A Short History
The Chaplaincy of Oporto was founded in 1671, when the Rev John Brawlerd, a priest of the Church of England, was employed by the British merchants of Oporto to provide religious services for the British community and to provide for the education for their children. At that time the religious atmosphere of Portugal did not allow Protestants to have a fixed place of worship or to worship openly, so services were held in the homes of various members of the community.
The second chaplain of Oporto, Rev. Dr Samuel Barton, came out in 1682 to continue providing spiritual and educational support to the British community. Unfortunately, Dr Barton was discovered by the Portuguese authorities and expelled from the country in 1683, having served for less than a full year. From that time until well into the 18th century, pastoral care was on-going, but with long interregnums between chaplains.
The strong influence of the Roman Catholic Church during that period also meant that Protestants could not be buried in Catholic cemeteries, and as no Protestant cemetery was allowed, burial took place along the banks of the Douro River.
It was not until 1787 that the British Consul John Whitehead was able, with the support of the King of Portugal, to acquire a piece of land outside the city to be used as a burial ground. The first burial took place about 1790. Today, Consul Whitehead's burial urn stands at the centre of the British cemetery, which he had been so instrumental in securing.
In 1815, shortly after the conclusion of the Peninsular War, the British community was given permission to build a proper place of worship on the land that had been acquired for a burial ground.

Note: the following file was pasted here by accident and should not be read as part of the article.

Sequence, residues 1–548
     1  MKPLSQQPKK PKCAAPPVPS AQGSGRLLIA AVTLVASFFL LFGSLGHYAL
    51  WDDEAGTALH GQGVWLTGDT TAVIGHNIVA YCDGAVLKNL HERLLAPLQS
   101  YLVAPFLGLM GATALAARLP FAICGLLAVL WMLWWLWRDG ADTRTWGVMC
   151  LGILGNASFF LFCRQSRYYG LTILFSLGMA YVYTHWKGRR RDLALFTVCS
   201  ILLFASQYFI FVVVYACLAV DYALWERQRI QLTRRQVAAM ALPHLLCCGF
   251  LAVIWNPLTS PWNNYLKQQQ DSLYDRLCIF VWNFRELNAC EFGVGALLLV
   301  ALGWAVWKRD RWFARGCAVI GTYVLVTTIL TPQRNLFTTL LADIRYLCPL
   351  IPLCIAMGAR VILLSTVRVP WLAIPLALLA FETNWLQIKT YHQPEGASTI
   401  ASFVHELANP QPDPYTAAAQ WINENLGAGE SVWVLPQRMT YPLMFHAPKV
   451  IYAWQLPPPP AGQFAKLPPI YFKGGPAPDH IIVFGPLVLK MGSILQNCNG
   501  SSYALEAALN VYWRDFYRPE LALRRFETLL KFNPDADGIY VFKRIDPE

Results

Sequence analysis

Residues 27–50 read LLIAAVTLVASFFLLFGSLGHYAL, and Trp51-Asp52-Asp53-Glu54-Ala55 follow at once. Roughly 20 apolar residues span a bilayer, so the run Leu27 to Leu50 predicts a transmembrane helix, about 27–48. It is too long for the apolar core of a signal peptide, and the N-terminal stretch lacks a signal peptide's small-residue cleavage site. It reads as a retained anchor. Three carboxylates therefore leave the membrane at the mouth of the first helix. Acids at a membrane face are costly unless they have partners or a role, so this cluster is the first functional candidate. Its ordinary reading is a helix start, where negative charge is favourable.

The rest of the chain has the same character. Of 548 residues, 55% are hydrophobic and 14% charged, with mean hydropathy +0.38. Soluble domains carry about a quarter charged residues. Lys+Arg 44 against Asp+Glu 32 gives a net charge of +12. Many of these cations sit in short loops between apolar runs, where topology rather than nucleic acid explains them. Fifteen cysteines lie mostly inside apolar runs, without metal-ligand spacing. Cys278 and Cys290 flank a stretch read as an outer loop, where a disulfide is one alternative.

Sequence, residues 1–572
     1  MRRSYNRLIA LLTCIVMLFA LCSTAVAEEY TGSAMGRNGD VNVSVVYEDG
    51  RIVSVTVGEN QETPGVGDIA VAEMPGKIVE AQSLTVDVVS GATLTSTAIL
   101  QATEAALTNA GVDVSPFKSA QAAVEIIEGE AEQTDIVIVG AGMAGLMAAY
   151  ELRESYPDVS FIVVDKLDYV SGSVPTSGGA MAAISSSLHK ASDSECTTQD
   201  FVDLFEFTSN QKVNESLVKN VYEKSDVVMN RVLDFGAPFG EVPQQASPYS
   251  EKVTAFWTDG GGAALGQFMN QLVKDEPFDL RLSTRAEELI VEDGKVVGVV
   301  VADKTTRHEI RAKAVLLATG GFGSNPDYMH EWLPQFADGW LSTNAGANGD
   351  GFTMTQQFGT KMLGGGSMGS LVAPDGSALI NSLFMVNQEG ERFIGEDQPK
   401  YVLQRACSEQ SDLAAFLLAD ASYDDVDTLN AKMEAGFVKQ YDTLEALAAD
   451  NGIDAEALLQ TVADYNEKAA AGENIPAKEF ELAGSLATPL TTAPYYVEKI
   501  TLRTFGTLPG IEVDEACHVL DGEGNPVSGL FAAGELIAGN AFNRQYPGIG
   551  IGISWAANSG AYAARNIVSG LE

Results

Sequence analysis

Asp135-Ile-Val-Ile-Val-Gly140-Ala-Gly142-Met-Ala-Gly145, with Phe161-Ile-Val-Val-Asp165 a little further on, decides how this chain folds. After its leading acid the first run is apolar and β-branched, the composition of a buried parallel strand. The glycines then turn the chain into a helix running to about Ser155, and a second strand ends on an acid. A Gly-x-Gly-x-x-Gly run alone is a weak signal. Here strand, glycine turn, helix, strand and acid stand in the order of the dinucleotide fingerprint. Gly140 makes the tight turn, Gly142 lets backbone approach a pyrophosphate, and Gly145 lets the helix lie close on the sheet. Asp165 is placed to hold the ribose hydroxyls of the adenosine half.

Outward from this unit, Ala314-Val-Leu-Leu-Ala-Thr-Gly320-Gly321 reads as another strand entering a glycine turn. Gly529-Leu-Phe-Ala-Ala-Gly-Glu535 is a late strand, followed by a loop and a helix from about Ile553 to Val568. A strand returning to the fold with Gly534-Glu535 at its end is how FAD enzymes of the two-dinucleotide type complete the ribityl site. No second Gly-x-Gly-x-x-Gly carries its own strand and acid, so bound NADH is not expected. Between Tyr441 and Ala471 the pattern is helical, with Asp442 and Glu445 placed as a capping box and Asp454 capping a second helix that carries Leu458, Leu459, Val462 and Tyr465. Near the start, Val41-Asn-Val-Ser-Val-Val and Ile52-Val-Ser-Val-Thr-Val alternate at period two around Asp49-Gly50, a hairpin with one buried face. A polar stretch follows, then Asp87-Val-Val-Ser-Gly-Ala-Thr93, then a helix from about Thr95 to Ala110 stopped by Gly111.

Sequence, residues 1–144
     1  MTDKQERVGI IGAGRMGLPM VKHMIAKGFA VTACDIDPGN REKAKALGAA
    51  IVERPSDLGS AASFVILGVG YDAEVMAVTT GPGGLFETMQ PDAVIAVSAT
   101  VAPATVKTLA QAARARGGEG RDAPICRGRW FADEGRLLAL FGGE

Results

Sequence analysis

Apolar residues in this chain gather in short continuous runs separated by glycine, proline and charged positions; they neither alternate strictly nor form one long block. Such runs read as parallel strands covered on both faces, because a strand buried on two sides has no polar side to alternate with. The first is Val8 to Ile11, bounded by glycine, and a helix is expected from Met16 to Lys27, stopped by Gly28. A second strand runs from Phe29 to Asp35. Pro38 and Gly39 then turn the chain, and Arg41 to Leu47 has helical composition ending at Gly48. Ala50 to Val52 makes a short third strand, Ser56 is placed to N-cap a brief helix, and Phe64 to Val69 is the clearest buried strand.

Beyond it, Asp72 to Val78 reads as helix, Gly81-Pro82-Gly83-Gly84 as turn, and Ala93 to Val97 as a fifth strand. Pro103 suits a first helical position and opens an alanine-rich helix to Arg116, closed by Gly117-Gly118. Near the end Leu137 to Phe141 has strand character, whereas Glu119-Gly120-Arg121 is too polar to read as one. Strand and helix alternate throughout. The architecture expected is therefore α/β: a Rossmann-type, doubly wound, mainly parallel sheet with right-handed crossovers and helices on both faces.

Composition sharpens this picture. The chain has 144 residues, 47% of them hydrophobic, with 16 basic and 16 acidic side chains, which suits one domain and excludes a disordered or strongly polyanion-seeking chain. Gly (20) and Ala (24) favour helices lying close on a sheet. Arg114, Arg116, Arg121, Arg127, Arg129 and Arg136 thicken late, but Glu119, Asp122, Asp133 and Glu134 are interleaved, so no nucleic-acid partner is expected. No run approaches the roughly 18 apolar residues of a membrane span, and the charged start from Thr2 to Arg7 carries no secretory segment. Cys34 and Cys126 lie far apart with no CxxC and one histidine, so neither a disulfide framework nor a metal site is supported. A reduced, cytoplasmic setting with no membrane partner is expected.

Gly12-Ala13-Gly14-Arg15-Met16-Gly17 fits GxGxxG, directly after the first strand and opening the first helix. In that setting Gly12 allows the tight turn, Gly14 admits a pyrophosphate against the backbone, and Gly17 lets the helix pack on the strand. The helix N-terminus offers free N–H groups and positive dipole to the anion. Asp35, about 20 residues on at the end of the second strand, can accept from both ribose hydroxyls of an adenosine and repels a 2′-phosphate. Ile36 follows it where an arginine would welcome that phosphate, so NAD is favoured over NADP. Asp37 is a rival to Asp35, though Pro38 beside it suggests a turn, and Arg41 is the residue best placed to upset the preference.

The church building was complete by 1818 (but was not formally dedicated and accorded the name of St James until 1843, when the then Bishop of Gibraltar, George Tomlinson, came to Oporto to consecrate the edifice.) Considerable restrictions were imposed on the British community by the Portuguese authorities as to how the church could be constructed. It could not have a spire, cross, or bell. In fact the building was designed to look something like a meeting hall (from the exterior). There is often a misapprehension that the high wall surrounding the property was built to hide the church building from the street, but in fact the wall predates the church, having been erected considerably earlier to surround and protect the entire land acquired by the community, which of course includes the cemetery.
The appearance of the church building changed when it was extended in 1866/1867. Transepts and a chancel were added, and the nave was lengthened, so that what was once a rather plain, rectangular structure is now cruciform in shape.
Organised visits can be arranged on request. This fine old church and the even older cemetery are well worth a visit. Among the interesting objects and sites to see are the burial urn of Consul Whitehead, the tombstones for Baron James Forrester's family, and the 2nd World War graves of the 11 British and Canadian airmen whose planes were downed in accidents off the Portuguese coast. (Though Baron Forrester is commemorated in the cemetery, his remains do not lie there, as he was drowned in the River Douro and his body never found).
A beautiful war memorial cross stands in a small garden in front of the church and records the names of members of the British community of Oporto who lost their lives in the two great wars of the 20th century. The first part of the annual Remembrance Day service (and this year the short service commemorating the 100th anniversary of the commencement of the 1st World War) takes place in front of this memorial.
Of course our story doesn't lie entirely in the past. The life of the church goes on, and our chaplain and members of the congregation will be happy to give any visitors a very warm welcome.